• Read the Nutrition Facts label on packaged foods. Compare the amount of fat, sodium, calories, and other nutrients in similar products. This can help you choose foods that have less fat, sodium or calories, and more vitamins, minerals, and fiber.
  • Use the “sell by” and “best if used by” dates on packages to help you choose the freshest foods.

Tips for Healthy Cooking

  • Go easy on fat, sugar, and salt in preparing foods. For example, make baked chicken instead of fried chicken.  You don’t have to leave out all the fat, sugar, or salt—just limit the amount you use.
  • Flavor your foods with herbs, spices, and other low fat seasonings instead of using rich sauces and gravy.
  • Make homemade desserts sometimes to save money and serve additional healthy foods. For example, try a fruit crisp, Jell-O or Rice Pudding.
  • Remove skin from poultry before cooking to lower the fat content.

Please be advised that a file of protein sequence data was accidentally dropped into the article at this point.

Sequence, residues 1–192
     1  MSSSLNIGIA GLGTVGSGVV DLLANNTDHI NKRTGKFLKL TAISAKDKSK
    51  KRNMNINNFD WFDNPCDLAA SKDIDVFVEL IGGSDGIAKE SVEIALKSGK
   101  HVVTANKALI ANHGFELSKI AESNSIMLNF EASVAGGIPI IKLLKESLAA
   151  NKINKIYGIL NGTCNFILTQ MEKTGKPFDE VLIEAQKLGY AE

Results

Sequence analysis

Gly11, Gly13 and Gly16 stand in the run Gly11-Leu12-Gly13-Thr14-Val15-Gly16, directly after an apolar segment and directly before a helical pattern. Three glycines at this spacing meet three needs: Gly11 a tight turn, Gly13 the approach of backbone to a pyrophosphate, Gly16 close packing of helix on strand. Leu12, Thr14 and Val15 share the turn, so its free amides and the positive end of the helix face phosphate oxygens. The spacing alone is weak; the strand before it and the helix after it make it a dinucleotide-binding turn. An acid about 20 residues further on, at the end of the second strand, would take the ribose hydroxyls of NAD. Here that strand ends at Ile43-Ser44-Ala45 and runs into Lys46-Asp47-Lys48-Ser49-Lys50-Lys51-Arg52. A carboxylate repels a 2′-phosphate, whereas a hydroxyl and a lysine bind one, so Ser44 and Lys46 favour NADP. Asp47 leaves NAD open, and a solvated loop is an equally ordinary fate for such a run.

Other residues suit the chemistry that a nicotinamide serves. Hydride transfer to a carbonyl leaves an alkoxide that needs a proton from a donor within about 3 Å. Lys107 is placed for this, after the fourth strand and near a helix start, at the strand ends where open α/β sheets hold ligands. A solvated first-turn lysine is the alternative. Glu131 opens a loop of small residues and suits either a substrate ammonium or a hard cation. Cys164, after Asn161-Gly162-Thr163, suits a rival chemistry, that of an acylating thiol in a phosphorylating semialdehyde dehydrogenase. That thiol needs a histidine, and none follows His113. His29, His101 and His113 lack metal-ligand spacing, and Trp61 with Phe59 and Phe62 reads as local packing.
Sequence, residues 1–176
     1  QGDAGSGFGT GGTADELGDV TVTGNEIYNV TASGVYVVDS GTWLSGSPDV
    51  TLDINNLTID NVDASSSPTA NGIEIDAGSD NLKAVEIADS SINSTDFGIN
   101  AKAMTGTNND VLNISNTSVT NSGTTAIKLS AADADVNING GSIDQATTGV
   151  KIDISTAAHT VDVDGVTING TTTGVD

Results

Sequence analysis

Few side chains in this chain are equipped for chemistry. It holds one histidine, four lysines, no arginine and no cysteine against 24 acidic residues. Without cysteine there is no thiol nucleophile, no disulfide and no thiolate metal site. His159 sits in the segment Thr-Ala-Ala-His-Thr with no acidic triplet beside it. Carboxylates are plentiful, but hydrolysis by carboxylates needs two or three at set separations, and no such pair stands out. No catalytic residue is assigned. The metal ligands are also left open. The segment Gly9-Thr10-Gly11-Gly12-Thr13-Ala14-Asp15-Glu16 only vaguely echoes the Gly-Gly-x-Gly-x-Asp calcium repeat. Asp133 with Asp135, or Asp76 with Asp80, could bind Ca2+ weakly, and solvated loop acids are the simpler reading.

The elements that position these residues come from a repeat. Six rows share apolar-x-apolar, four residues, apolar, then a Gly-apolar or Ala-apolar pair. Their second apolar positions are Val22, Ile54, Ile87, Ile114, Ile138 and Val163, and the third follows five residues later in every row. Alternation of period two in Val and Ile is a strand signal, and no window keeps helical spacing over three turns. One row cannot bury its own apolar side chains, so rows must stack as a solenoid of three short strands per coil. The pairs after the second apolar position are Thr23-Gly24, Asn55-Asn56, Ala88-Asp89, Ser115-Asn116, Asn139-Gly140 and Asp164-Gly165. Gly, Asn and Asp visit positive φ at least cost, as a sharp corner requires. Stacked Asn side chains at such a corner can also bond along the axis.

• Always follow food safety rules in the kitchen to make sure that the food you prepare is safe.

Factors to Consider in Meal Preparation

·         Time - The amount of time you have to dedicate to shopping for, preparing and eating your meal will help determine what you will serve.  Nutritious meals may be prepared in a few minutes or take several hours.  Depending on your schedule or mood you may spend more or less time on this activity but preparation time should always be a consideration.

·         Cost - While cost is likely to be a major factor in food selection, there are a number of options available for nutritionally sound meals at a reasonable cost.  In fact, people who can spend a lot of money on food are not necessarily healthier than people who can spend less.  However, preparing healthy meals on a budget requires thought and deliberate planning.

·         Skill - Each person has different abilities and skill level when it comes to food preparation, depending on their background, interests, and availability of equipment.  You should plan meals that you are capable of preparing and have the necessary equipment available.  A person just starting out with only a few pots and pans and little prior experience would probably not plan a seven-course gourmet meal for 12 friends.  Nevertheless, meals can be easy as well as nutritious and appealing.